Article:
By Patrick, Jeremy
The Humanist , Vol. 62, No. 5
"All great truths begin as blasphemies."--George Bernard Shaw
When certain people become distraught by such things as a terrorist act, rising HIV rates, or an increase in teen pregnancy, they often proclaim it's because we have drifted away from God.
The idea, in its most basic form, is that a belief in God is essential to "morality." With a little work, one can find that both theologians and states-people historically favored this view. Even many of the so-called founding fathers, largely deists, took this position. For example, in his farewell address as president, George Washington stated that "reason and experience both forbid us to expect that national morality can prevail in exclusion of religious principle."
The idea that a belief in God is essential to morality is a provocative one because it can erase the need for a dialogue on whether God actually exists. Advocates of this position can argue that whether or not he exists, people should believe in God for the benefit of society. In its crassest form, this is purely a utilitarian appeal. Without morality, the argument goes, there will be no sanction against evil, and therefore people will be unhappy because crime will run rampant.
Of course, if the mechanism of religion's promotion of morality is through fear (of hell) and reward (of heaven), there is no reason a secular society cannot provide equally powerful inducements for "good" behavior. Although perhaps not as grandiose as eternal punishment, life in prison, death, or torture are all powerful ways to induce desired behavior. Similarly, many people would gladly act for earthly wealth and power who could never be swayed by promises of a future paradise in the sky.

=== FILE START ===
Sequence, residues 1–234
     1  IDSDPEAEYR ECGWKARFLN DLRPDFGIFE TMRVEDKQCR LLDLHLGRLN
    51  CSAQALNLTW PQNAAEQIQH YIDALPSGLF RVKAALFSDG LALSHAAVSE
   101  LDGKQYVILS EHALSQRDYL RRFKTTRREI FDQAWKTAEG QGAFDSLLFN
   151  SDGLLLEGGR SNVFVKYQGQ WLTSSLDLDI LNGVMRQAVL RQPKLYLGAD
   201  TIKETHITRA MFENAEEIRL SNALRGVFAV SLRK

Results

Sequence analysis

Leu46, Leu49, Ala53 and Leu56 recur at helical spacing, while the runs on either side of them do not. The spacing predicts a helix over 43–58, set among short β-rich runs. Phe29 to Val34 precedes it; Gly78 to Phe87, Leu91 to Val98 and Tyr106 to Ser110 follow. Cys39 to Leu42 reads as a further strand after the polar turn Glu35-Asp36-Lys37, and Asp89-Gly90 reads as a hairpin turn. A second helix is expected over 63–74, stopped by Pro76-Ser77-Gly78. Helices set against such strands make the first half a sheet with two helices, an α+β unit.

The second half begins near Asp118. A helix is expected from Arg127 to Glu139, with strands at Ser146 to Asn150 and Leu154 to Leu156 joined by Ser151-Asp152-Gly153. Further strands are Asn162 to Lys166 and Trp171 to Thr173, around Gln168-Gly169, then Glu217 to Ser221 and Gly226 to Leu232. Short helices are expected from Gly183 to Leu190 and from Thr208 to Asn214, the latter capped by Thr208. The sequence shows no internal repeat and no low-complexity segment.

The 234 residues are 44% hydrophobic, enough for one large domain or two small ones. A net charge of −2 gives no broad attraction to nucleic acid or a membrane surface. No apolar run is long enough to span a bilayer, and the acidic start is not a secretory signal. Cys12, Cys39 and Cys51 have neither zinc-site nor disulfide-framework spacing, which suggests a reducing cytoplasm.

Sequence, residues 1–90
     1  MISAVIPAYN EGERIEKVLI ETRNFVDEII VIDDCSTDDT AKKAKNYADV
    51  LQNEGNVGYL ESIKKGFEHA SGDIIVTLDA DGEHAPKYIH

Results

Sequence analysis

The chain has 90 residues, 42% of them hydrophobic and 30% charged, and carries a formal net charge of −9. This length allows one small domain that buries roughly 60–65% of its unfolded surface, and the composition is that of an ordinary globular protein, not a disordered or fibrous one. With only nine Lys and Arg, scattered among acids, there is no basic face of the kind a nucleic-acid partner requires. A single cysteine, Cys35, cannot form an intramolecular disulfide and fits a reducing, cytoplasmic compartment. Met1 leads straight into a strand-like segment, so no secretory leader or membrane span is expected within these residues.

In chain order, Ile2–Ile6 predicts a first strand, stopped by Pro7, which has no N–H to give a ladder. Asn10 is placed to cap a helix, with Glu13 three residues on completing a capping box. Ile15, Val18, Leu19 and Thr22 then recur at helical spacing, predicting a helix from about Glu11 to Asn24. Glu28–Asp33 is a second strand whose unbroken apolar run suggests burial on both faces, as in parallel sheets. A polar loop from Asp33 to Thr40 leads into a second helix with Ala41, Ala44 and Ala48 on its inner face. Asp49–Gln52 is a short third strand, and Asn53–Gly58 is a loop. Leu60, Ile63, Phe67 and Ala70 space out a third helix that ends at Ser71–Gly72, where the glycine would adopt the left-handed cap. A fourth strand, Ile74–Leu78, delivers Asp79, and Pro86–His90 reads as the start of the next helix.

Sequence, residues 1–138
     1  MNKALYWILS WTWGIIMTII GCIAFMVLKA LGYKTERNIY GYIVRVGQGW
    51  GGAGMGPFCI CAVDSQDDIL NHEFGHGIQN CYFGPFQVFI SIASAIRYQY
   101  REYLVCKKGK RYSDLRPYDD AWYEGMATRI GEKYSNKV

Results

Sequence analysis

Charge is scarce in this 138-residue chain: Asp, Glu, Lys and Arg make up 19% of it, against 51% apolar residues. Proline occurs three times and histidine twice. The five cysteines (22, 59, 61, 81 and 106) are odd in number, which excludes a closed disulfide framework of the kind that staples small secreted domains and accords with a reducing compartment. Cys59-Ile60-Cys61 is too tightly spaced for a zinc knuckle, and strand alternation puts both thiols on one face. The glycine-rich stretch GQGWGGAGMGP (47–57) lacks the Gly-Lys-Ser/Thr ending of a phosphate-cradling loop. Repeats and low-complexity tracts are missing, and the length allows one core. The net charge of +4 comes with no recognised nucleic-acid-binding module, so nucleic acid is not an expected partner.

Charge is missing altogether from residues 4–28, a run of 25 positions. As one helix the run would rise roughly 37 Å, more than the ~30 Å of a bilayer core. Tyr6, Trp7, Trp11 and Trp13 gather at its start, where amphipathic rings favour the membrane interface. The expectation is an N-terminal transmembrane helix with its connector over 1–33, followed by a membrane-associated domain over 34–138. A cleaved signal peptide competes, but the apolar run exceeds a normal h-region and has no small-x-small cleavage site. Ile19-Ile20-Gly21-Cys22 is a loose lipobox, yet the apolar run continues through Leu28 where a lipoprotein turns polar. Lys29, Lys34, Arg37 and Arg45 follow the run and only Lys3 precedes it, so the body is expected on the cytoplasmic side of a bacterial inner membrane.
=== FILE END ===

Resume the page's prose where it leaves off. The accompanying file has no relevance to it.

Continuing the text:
There are, however, more serious arguments from God to morality that merit our consideration.
In his Herculean attempt to provide a purely rational morality that was categorically and universally binding on all people, Immanuel Kant argued that all actions should be taken in accordance with predetermined maxims and all people should be treated as ends, not as mere means. Although he believed we shouldn't seek happiness for its own sake, he believed that by following the categorical imperatives, we would make ourselves worthy of happiness.
Ironically, although he believed that there were no rational reasons for believing in God, Kant argued that a belief in him was necessary for morality. He believed that a god must exist who rewards virtue in a future state
for otherwise all the subjectively necessary duties which I am under obligation as a rational being to perform lose their objective reality. Why should I make myself worthy of happiness by means of moral conduct if there exists no Being who can secure me this happiness?
The problem with Kant's view is quite clear: he is treating a belief in God itself as a mere means to an end, thereby violating his own most sacred principle. He is unconcerned with the truth of whether or not such a being exists and is instead using the idea to further a consequentialist agenda. …